Jazz basses have the pickups wired in parallel, as do most two pickup instruments. The two halves of the Precision's split humbucker are wired in series. If you switch it to parallel, it will get brighter and thinner, but the output also drops. It might seem louder if you are running through a rig with not much bottom end, as it will be brighter, or with more sensitivity to high frequencies. If you have a dark sounding bass, turning up the treble on the amp wont do much, but switching the bass into parallel will.

    Wiring a Jazz up in series gives a fuller tone with more bottom and less highs.

    Jamerson played through a B-15-N, not a B-10. It's a nice sounding amp, but it's only 30 watts. You can't be heard over a drummer with one of those! I know because it was my first good bass amp back in 1970. Its good for studio work.

    There's nothing special about Ampegs, and they weren't used all that much back then. Everett Hull (the founder of Ampeg) hated loud rock music, which is why they never made a popular guitar amp.

    This whole Jazz bass and SVT fad is annoying at best. Sure, play though a muddy distorted bass amp. It covers up for sloppy playing. ;)

    No, you don't lose the hum cancelation. That has to do with coil and magnet polarity, and not series/parallel wiring. Most humbucking pickups are wired in series.

    The way a humbucker works, and this is also true of a Jazz bass with both pickups on, is each coil is wired out-of-phase with the other coil, either by reversing the wires, or winding one in the reverse direction. Normally two out-of-phase coils would sound very thin, with little bottom end. This is because of phase cancelation. The reason the entire signal does not cancel is because the pickups are sensing the string differently, because each coil is in a different location.

    However, each coil's magnets are opposite polarity. So one has north poles, and the other has south. Because of this, each coil picks up the string in phase, but because noise doesn't reply on the magnets, just the coils, noise is picked up out of phase, and is canceled out while the string's signal is added together.

    Makes no difference if the two coils are series or parallel. Series wiring sounds fuller and louder because each coil adds to the other. So if you have two 5K coils, that's 10K. In parallel the pickup would be 2.5K, and would sound brighter.
     
  15. dogbass

    dogbass Supporting Member

    Aug 9, 2006
    Bay Area, CA
    So it is a fad ? Well then, I guess I'm glad I haven't pulled the trigger on an SVT just ;) yet.
     
  16. seanm

    seanm I'd kill for a Nobel Peace Prize! Supporting Member

    Feb 19, 2004
    Ottawa, Canada
    Thanks for the explanation! I assumed that since the series was a bit nosier, that it was due to losing the humbucking effect.
     
  17. Klugebass

    Klugebass

    Jun 29, 2007
    The Fender American Jazz Bass. It also features an S-1 switch that changes the pickups from parallel to series when engaged, creating a fatter, wider, almost humbucking tone

    From musicians friend describing a a fender jazz american bass
    My uncles bass is an american deluxe 2003 jazz it has s1 switiching like the modern standards and when engaged the sound is thin and pretty bad so somthing must be different because I know pressing down on the switch engages series but when pressed on my uncles it is about 30% quieter so I am pretty unsure on anything relating to this because apperantly my uncles bass (klugeguitar) does not conform to the description on musicians friend. But youre probably right and I have no idea why my uncles bass dosent match discriptions.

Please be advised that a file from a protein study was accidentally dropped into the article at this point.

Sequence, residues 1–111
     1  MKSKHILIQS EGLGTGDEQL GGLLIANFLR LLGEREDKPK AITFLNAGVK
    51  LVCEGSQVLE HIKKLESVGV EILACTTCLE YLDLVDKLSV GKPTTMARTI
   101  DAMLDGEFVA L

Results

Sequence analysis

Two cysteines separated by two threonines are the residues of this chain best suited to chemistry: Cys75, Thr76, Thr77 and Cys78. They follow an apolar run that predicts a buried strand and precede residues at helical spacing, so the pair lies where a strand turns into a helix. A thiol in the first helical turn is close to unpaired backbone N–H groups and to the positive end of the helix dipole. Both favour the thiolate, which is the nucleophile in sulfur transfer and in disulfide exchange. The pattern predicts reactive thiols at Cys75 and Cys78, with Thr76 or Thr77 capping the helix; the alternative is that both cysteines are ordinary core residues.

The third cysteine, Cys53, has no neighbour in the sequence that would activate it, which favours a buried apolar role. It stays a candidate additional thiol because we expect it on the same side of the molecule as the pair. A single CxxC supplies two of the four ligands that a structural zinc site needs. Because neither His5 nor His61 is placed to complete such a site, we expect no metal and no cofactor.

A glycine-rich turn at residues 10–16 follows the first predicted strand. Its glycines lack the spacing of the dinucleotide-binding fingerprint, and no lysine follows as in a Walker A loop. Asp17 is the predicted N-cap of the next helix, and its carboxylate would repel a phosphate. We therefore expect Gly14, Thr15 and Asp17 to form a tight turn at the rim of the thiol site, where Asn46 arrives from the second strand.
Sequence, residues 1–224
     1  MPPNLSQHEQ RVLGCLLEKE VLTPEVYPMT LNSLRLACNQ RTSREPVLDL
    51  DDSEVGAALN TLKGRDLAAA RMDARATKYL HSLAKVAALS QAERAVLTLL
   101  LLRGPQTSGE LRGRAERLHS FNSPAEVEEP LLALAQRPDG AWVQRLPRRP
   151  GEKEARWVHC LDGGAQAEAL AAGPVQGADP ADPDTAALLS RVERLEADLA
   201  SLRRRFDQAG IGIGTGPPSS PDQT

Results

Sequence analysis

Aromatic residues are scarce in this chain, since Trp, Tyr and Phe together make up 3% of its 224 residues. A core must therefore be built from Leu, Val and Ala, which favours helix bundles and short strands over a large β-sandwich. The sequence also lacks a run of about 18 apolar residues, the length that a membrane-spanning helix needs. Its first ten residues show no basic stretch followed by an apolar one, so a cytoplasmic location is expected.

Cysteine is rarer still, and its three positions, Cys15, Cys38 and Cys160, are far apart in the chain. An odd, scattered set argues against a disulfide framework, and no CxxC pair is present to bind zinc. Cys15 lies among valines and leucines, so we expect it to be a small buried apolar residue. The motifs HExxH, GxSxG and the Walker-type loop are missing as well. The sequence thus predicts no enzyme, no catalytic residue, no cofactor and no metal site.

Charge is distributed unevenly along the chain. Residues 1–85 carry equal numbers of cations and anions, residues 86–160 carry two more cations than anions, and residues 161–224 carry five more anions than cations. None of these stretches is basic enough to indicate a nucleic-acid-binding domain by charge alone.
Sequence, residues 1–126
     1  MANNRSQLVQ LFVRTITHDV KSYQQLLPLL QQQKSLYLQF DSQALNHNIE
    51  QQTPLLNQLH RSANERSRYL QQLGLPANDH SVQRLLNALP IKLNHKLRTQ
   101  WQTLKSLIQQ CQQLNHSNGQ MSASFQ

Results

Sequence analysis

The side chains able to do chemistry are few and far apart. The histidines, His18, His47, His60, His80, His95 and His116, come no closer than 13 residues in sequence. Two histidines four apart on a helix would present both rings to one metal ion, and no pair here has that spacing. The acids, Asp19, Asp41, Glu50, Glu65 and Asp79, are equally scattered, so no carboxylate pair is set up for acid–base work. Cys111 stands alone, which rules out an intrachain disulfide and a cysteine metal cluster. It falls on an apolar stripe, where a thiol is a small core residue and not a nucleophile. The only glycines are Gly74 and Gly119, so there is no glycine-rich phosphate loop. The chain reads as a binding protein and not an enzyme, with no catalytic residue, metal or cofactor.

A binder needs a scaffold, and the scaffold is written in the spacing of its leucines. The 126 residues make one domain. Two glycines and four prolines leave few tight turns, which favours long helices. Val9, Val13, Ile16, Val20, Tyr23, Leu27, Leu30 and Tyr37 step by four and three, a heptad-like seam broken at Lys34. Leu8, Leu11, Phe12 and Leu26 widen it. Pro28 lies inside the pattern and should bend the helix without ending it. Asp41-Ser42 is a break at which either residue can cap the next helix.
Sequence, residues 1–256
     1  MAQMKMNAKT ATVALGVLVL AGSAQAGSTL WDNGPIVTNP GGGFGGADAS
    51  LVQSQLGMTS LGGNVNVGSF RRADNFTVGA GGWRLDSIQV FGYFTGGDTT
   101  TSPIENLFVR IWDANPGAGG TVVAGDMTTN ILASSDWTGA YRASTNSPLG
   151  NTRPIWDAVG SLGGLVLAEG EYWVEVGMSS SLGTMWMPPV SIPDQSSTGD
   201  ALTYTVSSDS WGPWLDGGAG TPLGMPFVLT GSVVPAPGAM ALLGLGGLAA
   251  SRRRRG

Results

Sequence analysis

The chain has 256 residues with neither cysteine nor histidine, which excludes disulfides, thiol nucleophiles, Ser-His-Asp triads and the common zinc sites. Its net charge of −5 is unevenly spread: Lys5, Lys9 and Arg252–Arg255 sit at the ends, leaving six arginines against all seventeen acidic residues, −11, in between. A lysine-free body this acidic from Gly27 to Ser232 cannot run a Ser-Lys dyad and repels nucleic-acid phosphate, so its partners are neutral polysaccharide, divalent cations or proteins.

www.klugemusic.com
     
  18. Klugebass

    Klugebass

    Jun 29, 2007
    ps the s1 switch on a precision I belive works in reverse switching from series to parrallel
     
  19. DavidRavenMoon

    DavidRavenMoon Banned

    Oct 20, 2004
    I'd check and see if the pickups aren't being wired out of phase. Something is wrong here. I had a dual P pickup bass I made back in 1977 and I had a series switch on that, as I did with my fretless P-J in the 80's

    I don't know where you heard that... JPJ played solid state Acoustic 360 bass amps, just like Jaco. ;)

    Bass Guitars
    1963 Fender Jazz Bass: Jones' primary bass from 1968-77.
    1951 Fender Telecaster Bass: Introduced on stage in 1971.
    Fender Fretless Precision Bass: Used on the 1972 tours and also on the 1975-77 tours for In My Time Of Dying.
    Fender Bass V: This 5-string model was used on the 1973 tours.
    Alembic 4-String Bass: Used on stage from 1977-80.
    Alembic 8-String Bass: Used on stage from 1977-80 and in the studio on In Through The Out Door.
    Arco Stand-Up Bass: Allegedly purchased "for about 10 dollars in Newcastle in 1969" as Plant explained at the 04/27/77 show. More Info
    Framus Stand-Up Bass: Used on stage at Earl's Court in 1975 from Bron-Yr-Aur Stomp.
    Hagstrom 12-String: Seen on stage in early 1973.
    1953 Gibson EB-1 Bass: Appears on the inner wheel of Led Zeppelin III

    Amps
    Acoustic 360: 475W amp used from 1969-1979.
    Acoustic FH118: JPJ used two of these cabinets from 1969-1980.
    Fender Dual Showman Reverb: Amps & cabinets used with keyboards.
    Gallien Krueger: Amps used in the 1980 tour.

    Look at this photo. You can see him with the Fender Bass V and the Acoustic 360 in the background.

    http://www.polarmusicprize.com/newSite/gfx/thumb/ledzeppelin003.jpg

    Until the SVT, no one used Ampegs on stage because they didn't make big amps.
     
  20. Klugebass

    Klugebass

    Jun 29, 2007
    sorry